At the time of the Shang Dynasty (1600-1046 BCE) tripod cauldrons came to symbolize the power and authority of the ruling dynasty with strict regulations imposed as to their use. Members of the gentry scholarly shì (士) class were permitted to use one or three cauldrons, zhū hóu (诸侯/諸侯), the rulers of vassal states seven, dàifu (大夫) or ministers of state five whilst only the Son of Heaven (天子), the sovereign, was entitled to use nine. The use of the nine tripod cauldrons to offer ritual sacrifices to the ancestors from heaven and earth was a major ceremonial occasion so that by natural progression the ding came to symbolize national political power and later to be regarded as a National Treasure. Sources state that two years after the fall of the Zhou Dynasty at the hands of what would become the Qin Dynasty the nine tripod cauldrons were taken from the Zhou royal palace and moved westward to the Qin capital at Xianyang. However, by the time Qin Shi Huang had eliminated the other six Warring States to become the first emperor of China in 221 BCE, the whereabouts of the nine tripod cauldrons were unknown. Sima Qian records in his Records of the Grand Historian that they were lost in the Si River (泗水) near Pencheng (彭城) to where Qin Shi Huang later dispatched a thousand men to search for the cauldrons but to no avail.

Yan may refer to:

Any of several Yan states in Chinese history named with the character "燕" including:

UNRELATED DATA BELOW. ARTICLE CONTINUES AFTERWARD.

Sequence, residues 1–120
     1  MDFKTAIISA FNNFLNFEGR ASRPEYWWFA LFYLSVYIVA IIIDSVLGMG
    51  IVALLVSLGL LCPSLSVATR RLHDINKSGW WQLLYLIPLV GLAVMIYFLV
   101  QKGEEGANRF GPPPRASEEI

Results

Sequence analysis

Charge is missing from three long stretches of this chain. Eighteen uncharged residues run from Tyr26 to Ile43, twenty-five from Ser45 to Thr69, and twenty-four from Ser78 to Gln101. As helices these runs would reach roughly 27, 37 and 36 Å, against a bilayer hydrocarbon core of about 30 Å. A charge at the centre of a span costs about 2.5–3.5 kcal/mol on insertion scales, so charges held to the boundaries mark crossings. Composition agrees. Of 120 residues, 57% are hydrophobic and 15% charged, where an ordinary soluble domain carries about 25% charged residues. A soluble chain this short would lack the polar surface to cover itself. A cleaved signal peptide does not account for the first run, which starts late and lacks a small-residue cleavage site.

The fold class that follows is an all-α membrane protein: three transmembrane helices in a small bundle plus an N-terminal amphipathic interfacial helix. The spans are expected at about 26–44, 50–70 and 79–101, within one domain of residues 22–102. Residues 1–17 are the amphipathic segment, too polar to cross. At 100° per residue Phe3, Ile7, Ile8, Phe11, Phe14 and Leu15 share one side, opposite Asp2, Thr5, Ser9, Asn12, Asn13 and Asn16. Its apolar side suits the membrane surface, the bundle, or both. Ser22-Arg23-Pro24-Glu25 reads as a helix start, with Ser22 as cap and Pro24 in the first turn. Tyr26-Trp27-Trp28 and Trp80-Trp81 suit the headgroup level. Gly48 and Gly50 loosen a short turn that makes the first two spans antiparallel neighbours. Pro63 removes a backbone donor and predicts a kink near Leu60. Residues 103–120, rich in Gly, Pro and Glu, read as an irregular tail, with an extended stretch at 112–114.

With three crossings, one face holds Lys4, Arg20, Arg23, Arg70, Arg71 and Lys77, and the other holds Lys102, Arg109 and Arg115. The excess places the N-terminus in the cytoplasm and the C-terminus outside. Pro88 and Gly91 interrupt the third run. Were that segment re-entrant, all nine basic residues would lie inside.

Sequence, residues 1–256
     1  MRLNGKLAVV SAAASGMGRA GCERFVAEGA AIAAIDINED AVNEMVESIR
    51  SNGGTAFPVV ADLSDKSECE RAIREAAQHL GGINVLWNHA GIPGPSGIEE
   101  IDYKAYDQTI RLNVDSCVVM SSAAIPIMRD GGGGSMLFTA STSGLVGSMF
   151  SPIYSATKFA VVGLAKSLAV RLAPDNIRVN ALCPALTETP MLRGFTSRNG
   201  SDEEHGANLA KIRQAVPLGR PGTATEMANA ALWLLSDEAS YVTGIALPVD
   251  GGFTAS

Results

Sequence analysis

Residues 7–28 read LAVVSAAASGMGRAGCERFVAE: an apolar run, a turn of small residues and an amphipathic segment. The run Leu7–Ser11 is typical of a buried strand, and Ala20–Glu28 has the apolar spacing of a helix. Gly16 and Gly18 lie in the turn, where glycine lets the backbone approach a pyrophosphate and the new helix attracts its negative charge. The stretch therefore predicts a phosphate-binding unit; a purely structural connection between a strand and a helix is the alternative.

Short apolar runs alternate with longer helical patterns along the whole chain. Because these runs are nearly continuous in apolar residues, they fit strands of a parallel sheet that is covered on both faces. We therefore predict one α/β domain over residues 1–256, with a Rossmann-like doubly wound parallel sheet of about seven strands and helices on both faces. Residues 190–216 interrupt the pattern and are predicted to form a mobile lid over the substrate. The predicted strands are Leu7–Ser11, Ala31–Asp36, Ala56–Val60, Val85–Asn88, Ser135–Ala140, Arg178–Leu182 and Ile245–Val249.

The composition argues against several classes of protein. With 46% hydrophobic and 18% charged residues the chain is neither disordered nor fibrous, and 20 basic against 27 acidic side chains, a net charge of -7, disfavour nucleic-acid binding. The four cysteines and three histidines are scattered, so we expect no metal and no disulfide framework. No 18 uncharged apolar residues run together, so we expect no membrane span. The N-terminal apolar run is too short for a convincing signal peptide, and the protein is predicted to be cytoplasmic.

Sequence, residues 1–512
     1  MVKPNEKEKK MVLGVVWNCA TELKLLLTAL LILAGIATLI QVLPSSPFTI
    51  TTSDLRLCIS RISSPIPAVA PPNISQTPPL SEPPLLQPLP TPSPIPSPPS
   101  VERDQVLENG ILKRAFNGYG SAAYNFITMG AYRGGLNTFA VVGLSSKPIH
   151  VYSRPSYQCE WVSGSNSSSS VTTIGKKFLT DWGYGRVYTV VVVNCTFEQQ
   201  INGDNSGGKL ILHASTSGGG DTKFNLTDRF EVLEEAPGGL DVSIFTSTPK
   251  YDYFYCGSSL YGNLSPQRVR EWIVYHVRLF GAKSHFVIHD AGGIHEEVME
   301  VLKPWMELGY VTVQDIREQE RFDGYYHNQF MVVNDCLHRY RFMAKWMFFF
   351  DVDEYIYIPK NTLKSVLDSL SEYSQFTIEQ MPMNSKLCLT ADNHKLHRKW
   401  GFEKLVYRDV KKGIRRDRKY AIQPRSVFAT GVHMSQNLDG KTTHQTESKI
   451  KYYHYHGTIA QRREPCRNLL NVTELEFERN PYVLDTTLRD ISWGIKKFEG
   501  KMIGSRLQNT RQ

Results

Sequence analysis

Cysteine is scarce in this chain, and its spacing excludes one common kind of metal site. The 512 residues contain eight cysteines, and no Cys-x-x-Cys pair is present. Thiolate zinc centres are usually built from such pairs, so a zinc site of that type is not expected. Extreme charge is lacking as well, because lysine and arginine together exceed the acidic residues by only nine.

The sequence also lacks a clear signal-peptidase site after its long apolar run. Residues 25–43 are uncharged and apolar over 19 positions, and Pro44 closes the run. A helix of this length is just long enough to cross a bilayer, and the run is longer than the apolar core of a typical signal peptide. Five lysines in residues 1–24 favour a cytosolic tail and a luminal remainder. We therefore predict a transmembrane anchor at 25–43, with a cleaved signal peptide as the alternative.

Environment

Ancient Chinese States (simplified Chinese: 诸侯; traditional Chinese: 諸侯; pinyin: Zhūhóu) were typified by variously sized city states and territories that existed in China prior to its unification by Qin Shi Huang in 221 BCE. In many cases these were vassal states characterized by tribute paid to the ruling Zhou Dynasty (1046–256 BCE). Known as Zhuhou (諸侯/诸侯), independent states or fiefdoms would again emerge during later dynasties as a political expedient when required.

According to the sinocentric viewpoint and the Mandate of Heaven, China was the center of the world and the incumbent emperor its only ruler; all other would-be potentates and rulers were merely vassals of the Middle Kingdom or Zhōngguó (中国/中国). As a result, from the earliest times the Chinese viewed the world as a series of concentric spheres of influence emanating outward from their capital. Within the closest circle lay the vassal states who pledged allegiance to the Zhou ruler. Apart from Zhou itself which occupied territory around its capital, each state bore the suffix Guó (国/国) meaning state or nation. Of the 150 or so states, some were little more than a small fortified town or city whilst others possessed a capital as well as other urban areas and controlled significant amounts of territory.

Asia

The 2nd millennium BC marks the transition from the Middle to the Late Bronze Age.

Its first half is dominated by the Middle Kingdom of Egypt and Babylonia. The alphabet develops. Indo-Iranian migration onto the Iranian plateau and onto the Indian subcontinent propagates the use of the chariot. Chariot warfare and population movements lead to violent changes at the center of the millennium, a new order emerges with Greek dominance of the Aegean and the rise of the Hittite Empire. The end of the millennium sees the transition to the Iron Age. World population begins to rise steadily, reaching some 50 million towards 1000 BC.